An American Soldier (The Recruiter)—Edet Belzberg fashions a heart-piercing, home-front doc on the Iraq War in this portrayal of Sergeant First Class Clay Usie, one of the Army’s most successful recruiters, and the four teens who enter basic training under his tutelage before shipping off to “the sand.” Working the hallways at the local high school in Houma, Louisiana, Usie is a supremely self-confident, highly decorated Army Ranger with a genuine passion for military service. He befriends, coaches, cajoles, and inspires these kids on the cusp of adulthood, each of whom has chosen to enlist to escape a dead-end life, often over the objections of their parents. Belzberg refrains from adopting an adversarial political position, but the consequences of Usie’s sales efforts become agonizingly clear once his wards reach boot camp in South Carolina. Every politician in America should be required to see this film.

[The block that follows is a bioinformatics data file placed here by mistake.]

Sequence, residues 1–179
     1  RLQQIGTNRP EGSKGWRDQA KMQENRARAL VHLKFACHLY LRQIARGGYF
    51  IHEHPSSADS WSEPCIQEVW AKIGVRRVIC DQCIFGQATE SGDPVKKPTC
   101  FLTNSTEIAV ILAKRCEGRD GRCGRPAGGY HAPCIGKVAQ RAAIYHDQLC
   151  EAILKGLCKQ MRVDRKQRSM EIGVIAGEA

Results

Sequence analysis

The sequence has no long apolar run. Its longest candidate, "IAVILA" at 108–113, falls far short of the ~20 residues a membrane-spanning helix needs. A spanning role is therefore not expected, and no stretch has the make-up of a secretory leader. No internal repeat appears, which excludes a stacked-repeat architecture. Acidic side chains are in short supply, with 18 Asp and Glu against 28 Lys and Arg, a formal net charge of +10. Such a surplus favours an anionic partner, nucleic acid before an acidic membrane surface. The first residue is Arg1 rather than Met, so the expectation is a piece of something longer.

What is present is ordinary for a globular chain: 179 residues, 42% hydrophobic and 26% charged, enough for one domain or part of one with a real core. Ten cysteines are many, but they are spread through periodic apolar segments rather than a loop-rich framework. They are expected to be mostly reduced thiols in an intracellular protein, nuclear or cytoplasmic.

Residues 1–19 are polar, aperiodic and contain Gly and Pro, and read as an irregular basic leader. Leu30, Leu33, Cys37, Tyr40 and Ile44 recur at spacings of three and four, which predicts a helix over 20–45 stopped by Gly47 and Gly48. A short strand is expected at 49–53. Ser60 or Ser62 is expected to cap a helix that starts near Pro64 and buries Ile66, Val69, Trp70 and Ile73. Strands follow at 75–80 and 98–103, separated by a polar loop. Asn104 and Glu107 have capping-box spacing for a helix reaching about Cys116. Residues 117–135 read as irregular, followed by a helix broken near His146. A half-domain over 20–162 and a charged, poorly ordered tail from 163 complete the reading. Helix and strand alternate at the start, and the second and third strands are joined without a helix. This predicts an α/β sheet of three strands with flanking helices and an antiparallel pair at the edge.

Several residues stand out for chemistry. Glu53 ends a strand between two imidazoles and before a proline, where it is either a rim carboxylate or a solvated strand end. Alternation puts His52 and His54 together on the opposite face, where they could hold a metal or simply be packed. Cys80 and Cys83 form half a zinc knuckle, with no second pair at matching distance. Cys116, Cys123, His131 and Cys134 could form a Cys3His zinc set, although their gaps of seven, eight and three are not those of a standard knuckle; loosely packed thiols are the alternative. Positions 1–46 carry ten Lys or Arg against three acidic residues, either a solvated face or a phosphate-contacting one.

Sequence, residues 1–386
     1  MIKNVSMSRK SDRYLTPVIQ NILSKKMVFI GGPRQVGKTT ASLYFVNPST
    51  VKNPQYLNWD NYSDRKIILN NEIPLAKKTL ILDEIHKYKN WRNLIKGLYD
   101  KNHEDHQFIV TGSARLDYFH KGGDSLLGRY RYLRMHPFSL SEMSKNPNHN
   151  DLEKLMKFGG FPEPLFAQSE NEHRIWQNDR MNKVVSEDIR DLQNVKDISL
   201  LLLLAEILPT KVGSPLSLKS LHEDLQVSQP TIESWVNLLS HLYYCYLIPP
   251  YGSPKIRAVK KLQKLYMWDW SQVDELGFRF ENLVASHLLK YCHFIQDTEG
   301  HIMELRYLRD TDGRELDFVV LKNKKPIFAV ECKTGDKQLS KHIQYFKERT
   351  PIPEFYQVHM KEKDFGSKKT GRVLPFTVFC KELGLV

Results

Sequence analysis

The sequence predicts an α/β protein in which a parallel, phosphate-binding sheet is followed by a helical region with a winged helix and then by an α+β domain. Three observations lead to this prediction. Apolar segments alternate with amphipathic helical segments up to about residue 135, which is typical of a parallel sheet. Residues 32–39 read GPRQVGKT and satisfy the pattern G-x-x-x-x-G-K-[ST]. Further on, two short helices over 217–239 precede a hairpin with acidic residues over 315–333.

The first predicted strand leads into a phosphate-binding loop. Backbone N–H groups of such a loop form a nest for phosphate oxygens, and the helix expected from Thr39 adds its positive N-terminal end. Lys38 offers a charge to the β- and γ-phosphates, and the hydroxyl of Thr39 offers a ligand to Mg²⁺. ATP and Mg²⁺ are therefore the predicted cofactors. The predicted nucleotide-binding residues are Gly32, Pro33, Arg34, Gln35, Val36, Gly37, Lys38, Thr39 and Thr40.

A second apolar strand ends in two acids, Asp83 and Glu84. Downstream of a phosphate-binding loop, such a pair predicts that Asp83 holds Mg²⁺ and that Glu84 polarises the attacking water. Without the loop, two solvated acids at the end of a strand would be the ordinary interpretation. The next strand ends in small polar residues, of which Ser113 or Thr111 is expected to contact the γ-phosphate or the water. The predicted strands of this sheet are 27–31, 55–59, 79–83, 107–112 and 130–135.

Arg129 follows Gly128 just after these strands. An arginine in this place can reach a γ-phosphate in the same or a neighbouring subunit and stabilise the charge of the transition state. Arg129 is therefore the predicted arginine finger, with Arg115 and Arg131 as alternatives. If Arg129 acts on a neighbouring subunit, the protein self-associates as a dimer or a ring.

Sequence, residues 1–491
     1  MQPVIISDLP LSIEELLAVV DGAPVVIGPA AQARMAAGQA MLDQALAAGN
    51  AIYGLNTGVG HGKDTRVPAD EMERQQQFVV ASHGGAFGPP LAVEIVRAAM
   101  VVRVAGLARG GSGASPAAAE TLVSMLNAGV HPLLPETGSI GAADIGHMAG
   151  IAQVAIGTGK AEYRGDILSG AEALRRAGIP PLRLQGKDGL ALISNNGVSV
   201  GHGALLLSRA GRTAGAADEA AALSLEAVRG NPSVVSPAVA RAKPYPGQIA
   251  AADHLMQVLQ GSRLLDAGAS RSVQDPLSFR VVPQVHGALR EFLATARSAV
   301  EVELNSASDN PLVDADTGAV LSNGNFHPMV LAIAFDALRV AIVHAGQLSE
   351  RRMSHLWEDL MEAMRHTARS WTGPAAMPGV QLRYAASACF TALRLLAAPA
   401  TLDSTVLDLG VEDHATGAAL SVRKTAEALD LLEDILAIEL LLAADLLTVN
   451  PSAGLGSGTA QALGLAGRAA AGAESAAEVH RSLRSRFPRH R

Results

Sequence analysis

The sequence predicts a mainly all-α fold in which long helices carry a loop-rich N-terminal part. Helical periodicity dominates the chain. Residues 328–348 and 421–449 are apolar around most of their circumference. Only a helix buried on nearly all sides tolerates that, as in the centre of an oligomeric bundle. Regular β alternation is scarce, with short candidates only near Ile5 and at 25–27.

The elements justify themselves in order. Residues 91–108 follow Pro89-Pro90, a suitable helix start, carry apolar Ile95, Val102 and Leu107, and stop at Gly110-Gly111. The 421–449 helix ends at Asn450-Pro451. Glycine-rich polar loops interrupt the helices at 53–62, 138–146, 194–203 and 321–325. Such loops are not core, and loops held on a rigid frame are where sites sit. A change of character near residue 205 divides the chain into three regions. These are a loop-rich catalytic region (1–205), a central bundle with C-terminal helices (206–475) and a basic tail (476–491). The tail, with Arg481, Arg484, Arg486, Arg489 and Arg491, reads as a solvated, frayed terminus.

Hamlet 2—Steve Coogan lets it all hang out in Andy Fleming’s outrageous, irreverent comedy about an apeshit-crazy failed actor–turned–high school drama instructor trying to mount a production of his own blasphemous musical sequel to Shakespeare’s tragedy in Tucson, Arizona. Need I say more?